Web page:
106. Charli XCX – Pop 2 (2017)

Pop 2 is a treatise on the future of pop music. It’s only missing a “.0″ at the end of the name to make that obvious. Track by track, Charli XCX funnels tropes through the uncanny valley, arriving at a Migos posse cut with “I Got It” and a Britney Spears ballad with “Lucky.” But it’s on “Track 10” when she truly finds radical paths forward. It’s a song with a simple refrain: “I blame it on your love, every time I fuck it up.” It’s sad and searing and honest, and the song takes it through a journey. At first it’s covered in glitches, next it’s the build of a trance track, and by the end it’s been blown apart, digitized to hell and back until it’s something else entirely. – Ben Cohn

Def Jam
Def Jam

105. Kanye West – Yeezus (2013)

In 2013, we had understood what Kanye West could do with soul and with beauty. My Beautiful Dark Twisted Fantasy was released three years earlier and there were tracks on that album that were profoundly beautiful. But nothing quite prepared us for Yeezus, an album imbued with fear, pain, rage, monstrosity, and, yes, beauty. Yeezus does rage. His use of incredibly loaded terms and imagery to speak on relationships and his privileged position in the music world are cause for pause. Yeezus is an album where the detractors are often correct in their critiques, yet the album also taps into something very raw, something very contradictory, and ultimately, something very Kanye. It’s an album that is encompassing in its tone, done so precisely and elegantly that it gave us a new dimension of Kanye. – Jackie Im


104. Grizzly Bear – Shields (2012)

Built on the already opulent foundation of Veckatimest, Grizzly Bear’s fourth LP maintained their commitment to aduacious analogue fidelity and pushed further into unexplored sonic territory. Aside from its dreamy passages that collapse into unexpected bouts of sparring, jazzy riffs with slippery percussive arrangements and a rich bass, Shields was and is Grizzly Bear at their height of technical proficiency, channeling their efforts into a starker, more mature series of arrangements that flirt with a darkness that was absent in their early works. – Brian Roesler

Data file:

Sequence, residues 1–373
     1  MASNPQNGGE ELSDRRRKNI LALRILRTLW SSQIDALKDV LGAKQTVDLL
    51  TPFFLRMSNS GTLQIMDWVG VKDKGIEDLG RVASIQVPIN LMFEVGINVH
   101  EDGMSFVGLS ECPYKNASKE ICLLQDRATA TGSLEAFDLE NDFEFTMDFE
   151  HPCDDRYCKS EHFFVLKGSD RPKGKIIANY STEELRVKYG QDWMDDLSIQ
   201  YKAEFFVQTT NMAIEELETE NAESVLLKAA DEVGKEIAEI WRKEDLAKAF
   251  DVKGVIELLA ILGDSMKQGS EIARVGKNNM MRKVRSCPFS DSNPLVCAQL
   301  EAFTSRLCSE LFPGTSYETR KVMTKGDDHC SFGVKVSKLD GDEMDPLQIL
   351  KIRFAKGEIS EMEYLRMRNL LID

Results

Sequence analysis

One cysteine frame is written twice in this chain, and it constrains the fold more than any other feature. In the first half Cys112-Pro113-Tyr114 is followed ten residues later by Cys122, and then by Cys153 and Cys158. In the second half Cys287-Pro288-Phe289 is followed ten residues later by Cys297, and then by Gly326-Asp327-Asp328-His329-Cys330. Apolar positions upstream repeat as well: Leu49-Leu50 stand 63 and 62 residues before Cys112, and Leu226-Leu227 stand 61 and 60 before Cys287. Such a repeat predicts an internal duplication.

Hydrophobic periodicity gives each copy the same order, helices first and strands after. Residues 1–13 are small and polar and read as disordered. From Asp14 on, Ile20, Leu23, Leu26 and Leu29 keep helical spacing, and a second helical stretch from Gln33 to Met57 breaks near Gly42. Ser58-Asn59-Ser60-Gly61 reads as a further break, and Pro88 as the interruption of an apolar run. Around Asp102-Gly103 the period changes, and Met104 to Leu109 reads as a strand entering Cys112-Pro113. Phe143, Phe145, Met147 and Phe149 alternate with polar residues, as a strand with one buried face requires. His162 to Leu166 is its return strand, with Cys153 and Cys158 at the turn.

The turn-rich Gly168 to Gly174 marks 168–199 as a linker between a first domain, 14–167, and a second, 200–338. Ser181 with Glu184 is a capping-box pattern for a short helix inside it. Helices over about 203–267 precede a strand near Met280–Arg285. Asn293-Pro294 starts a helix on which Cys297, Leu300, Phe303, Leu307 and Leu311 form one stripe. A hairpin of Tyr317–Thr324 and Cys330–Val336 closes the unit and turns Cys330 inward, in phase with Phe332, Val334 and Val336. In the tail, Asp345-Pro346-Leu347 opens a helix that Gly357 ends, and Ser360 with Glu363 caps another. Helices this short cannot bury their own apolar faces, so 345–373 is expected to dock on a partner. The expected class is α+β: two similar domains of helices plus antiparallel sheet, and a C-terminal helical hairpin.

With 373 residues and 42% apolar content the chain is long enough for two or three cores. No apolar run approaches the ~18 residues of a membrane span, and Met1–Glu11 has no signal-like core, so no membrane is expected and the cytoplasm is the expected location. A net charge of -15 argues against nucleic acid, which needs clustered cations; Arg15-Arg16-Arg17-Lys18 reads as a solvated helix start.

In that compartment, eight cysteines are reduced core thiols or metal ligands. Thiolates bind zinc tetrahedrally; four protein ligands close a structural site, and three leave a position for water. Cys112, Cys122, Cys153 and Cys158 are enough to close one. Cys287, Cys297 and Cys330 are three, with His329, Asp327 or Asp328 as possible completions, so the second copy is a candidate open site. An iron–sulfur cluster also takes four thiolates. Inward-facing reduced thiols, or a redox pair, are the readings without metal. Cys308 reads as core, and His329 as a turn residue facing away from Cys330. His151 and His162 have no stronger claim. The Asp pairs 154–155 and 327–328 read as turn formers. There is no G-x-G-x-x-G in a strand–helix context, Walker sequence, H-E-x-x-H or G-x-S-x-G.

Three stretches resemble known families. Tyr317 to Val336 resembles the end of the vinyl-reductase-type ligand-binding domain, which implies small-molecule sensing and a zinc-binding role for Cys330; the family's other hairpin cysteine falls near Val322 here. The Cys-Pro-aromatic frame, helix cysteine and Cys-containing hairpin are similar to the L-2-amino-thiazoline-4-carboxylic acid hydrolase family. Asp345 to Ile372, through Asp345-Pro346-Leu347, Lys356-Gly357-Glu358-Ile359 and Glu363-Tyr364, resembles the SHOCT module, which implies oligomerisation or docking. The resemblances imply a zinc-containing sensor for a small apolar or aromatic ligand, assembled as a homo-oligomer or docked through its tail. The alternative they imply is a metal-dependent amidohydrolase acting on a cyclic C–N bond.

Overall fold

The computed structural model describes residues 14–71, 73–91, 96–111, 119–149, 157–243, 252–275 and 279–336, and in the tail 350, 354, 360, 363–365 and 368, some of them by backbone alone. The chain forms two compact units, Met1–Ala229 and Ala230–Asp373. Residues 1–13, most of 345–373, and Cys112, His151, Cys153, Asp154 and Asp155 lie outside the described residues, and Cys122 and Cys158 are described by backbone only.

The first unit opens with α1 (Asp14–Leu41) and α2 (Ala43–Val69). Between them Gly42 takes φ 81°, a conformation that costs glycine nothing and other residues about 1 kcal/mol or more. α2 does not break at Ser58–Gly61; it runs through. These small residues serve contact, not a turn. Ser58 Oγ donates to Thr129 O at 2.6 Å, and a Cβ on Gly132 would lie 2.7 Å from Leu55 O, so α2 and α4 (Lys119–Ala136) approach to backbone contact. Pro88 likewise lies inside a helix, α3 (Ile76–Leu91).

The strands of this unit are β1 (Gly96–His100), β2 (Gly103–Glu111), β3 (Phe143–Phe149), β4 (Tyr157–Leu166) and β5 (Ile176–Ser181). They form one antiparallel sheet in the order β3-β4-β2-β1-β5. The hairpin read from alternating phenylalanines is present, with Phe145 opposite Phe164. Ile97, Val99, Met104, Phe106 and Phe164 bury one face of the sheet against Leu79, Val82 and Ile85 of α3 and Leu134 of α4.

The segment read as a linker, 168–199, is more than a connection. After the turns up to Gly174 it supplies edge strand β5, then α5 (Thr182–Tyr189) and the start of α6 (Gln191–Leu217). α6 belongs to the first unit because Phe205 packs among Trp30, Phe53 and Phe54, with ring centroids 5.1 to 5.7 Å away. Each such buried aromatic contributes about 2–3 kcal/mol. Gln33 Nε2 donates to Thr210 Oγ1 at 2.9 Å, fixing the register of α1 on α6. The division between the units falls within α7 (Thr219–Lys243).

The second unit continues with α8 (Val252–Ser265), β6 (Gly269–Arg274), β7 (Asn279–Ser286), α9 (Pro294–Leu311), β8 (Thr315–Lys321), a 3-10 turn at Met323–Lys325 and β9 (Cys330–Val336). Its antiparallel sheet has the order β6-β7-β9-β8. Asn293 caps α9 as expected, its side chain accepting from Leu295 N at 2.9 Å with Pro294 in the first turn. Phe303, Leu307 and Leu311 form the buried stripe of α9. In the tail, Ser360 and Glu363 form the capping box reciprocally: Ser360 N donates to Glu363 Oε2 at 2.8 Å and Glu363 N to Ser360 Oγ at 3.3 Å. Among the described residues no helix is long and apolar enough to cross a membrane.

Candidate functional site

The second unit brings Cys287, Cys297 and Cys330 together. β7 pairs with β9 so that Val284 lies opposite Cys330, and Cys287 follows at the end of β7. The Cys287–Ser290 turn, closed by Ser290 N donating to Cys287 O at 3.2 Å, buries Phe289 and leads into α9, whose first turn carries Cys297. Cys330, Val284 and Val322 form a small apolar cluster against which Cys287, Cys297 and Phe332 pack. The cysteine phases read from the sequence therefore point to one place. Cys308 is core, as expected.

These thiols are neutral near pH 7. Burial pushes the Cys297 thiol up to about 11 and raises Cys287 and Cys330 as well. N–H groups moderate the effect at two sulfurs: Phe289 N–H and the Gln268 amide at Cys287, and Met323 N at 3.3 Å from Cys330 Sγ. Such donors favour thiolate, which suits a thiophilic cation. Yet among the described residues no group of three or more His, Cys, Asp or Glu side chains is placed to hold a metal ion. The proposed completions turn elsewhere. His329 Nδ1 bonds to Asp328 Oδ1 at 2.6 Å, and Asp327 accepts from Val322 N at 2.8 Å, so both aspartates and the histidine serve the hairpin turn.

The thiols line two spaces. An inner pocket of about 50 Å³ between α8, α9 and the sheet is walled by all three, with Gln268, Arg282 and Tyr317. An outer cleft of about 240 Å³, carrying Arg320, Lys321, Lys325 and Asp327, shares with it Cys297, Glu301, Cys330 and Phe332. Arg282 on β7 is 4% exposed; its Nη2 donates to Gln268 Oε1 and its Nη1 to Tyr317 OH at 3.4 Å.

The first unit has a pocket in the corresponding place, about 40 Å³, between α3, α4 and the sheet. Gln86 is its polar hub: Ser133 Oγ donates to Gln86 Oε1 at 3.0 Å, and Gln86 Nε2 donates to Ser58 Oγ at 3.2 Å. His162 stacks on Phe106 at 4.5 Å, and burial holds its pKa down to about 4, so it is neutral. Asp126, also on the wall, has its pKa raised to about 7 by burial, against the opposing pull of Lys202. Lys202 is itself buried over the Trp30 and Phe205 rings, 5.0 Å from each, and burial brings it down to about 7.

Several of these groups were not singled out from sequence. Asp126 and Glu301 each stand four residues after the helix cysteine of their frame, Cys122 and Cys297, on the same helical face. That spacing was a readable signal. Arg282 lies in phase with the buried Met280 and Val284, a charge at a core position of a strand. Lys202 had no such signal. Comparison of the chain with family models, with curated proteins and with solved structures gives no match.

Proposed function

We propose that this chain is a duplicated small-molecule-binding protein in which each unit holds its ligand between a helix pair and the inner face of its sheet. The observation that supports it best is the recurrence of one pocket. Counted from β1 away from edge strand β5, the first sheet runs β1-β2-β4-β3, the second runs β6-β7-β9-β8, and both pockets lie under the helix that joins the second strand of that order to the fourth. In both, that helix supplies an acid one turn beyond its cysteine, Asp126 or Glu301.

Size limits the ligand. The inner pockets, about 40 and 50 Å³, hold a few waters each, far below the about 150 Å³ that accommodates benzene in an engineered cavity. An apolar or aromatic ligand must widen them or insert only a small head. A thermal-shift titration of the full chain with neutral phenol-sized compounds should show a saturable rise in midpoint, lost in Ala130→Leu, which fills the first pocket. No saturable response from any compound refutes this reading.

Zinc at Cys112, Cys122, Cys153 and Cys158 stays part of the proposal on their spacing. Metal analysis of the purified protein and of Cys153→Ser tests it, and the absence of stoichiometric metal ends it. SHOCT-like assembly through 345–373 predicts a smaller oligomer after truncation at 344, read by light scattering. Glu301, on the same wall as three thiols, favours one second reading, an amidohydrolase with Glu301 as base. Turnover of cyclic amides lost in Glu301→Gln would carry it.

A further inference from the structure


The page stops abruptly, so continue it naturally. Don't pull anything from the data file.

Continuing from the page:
Savages - Silence Yourself

103. Savages – Silence Yourself (2013)

The definitive Savages experience is seeing vocalist Jehnny Beth walk on the hands of a mass of people like some kind of goth-rock messiah. But a close second is Silence Yourself, the band’s urgent, agitated debut that makes incendiary hay of the idea of “post-punk revival.” While they’ve certainly learned the right lessons from Siouxsie Sioux and Daniel Ash, Savages eschew the cookie-cutter style-over-substance trends of the prior decade in favor of a roaring presence that tears down and sets fire to modern institutions in barnburning singles that you can occasionally dance to (“She Will”) or more likely incite a riot (“Husbands”). Now just imagine all that happening while Beth is levitating over the arms of a few thousand people, and you get the complete picture.  – Jeff Terich

Purple Mountains review
Drag City

102. Purple Mountains – Purple Mountains (2019)

David Cloud Berman’s end-all document, Purple Mountains, is chock full of quotable Bermanisms—there is joy, ceaseless, breathtaking fear, contemplation, solipsism. It is a dense and complex and emotionally taxing record. There is nothing that sounds like Purple Mountains, no piece of music as clear cut and precise as Berman’s final words—and what did we expect? Berman is a heavyweight writer—his lyrics, prose, and poems all share the same hyper-specific attention to otherwise mundane details; exploitation of American life, post-capitalism, and love; precision and articulation of complex emotions and fluid movements of moods. Yes, Purple Mountains reads like a suicide letter, but it might bring some peace of mind to know he was putting his all into these songs, toe-to-toe with a fierce, relentless opponent. Turns out the wrong team won in the end. – Timothy Michalik

best psychedelic albums Oranssi Pazuzu
20 Buck Spin/Svart

101. Oranssi Pazuzu – Värähtelijä (2016)

This psychedelic, spacey black metal outfit may currently be Finland’s greatest export. Oranssi Pazuzu have been bending the rules and blurring the lines of black metal for roughly a decade now, but their 2016 album, Värähtelijä, put them on a higher platform in metal circles across the world. Synths and guitars seem to melt together while Jun-His wails and bellows over blackened kraut- and surf rock. It all pools into one of metal’s most immersive offerings in years. – Cody Davis

best albums of 2015 so far Young Thug

100. Young Thug – Barter 6 (2015)

Young Thug is the most underrepresented artist on this decade list, but let me explain. Try picking your favorite Thug release. No, really, try. There’s 21 to choose from in this decade, EPs not included. The vote spreads thin among our sample group of uhh, annoying music critics. But Barter 6 is Barter 6, and between you and me, it should be much higher on this list. Young Thug’s creative output is natural and Barter 6 feels nothing less than organic. It’s brilliant, sardonic, inspirational—if “Constantly Hating” doesn’t light a fire under your ass maybe you should try lighting a literal fire under your ass. “With That” is impeccable; “Halftime,” divine. Since 2011, Young Thug’s craft has flourished. To say Young Thug is the artist of the decade would be accurate, yes, but to say Young Thug is the artist of a generation would be the plain truth. – Patrick Pilch

Spoon They Want My Soul
Loma Vista

99. Spoon – They Want My Soul (2014)